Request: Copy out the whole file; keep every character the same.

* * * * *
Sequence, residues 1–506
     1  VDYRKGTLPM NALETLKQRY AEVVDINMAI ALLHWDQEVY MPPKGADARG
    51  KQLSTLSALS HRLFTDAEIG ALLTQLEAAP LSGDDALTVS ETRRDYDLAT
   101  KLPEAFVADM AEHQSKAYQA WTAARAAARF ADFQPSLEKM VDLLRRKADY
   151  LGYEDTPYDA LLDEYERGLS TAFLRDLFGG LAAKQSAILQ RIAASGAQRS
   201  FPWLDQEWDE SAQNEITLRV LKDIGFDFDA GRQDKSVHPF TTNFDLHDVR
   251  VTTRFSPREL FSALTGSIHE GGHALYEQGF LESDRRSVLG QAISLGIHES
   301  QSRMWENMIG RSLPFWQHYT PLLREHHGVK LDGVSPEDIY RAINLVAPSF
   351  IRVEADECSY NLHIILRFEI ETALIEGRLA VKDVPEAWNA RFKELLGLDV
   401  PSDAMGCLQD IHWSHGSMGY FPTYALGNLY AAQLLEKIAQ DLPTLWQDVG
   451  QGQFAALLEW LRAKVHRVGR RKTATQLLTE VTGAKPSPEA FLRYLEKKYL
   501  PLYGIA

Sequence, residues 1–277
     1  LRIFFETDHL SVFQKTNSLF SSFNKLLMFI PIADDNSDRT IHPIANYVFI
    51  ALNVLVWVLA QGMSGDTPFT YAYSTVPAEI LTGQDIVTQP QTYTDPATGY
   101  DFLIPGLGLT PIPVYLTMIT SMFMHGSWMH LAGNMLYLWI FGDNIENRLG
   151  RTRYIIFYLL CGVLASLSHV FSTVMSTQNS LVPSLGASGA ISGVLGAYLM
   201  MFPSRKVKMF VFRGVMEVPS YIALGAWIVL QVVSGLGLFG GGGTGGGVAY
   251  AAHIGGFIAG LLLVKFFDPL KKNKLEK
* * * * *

Sequence, residues 1–506
     1  VDYRKGTLPM NALETLKQRY AEVVDINMAI ALLHWDQEVY MPPKGADARG
    51  KQLSTLSALS HRLFTDAEIG ALLTQLEAAP LSGDDALTVS ETRRDYDLAT
   101  KLPEAFVADM AEHQSKAYQA WTAARAAARF ADFQPSLEKM VDLLRRKADY
   151  LGYEDTPYDA LLDEYERGLS TAFLRDLFGG LAAKQSAILQ RIAASGAQRS
   201  FPWLDQEWDE SAQNEITLRV LKDIGFDFDA GRQDKSVHPF TTNFDLHDVR
   251  VTTRFSPREL FSALTGSIHE GGHALYEQGF LESDRRSVLG QAISLGIHES
   301  QSRMWENMIG RSLPFWQHYT PLLREHHGVK LDGVSPEDIY RAINLVAPSF
   351  IRVEADECSY NLHIILRFEI ETALIEGRLA VKDVPEAWNA RFKELLGLDV
   401  PSDAMGCLQD IHWSHGSMGY FPTYALGNLY AAQLLEKIAQ DLPTLWQDVG
   451  QGQFAALLEW LRAKVHRVGR RKTATQLLTE VTGAKPSPEA FLRYLEKKYL
   501  PLYGIA

Sequence, residues 1–277
     1  LRIFFETDHL SVFQKTNSLF SSFNKLLMFI PIADDNSDRT IHPIANYVFI
    51  ALNVLVWVLA QGMSGDTPFT YAYSTVPAEI LTGQDIVTQP QTYTDPATGY
   101  DFLIPGLGLT PIPVYLTMIT SMFMHGSWMH LAGNMLYLWI FGDNIENRLG
   151  RTRYIIFYLL CGVLASLSHV FSTVMSTQNS LVPSLGASGA ISGVLGAYLM
   201  MFPSRKVKMF VFRGVMEVPS YIALGAWIVL QVVSGLGLFG GGGTGGGVAY
   251  AAHIGGFIAG LLLVKFFDPL KKNKLEK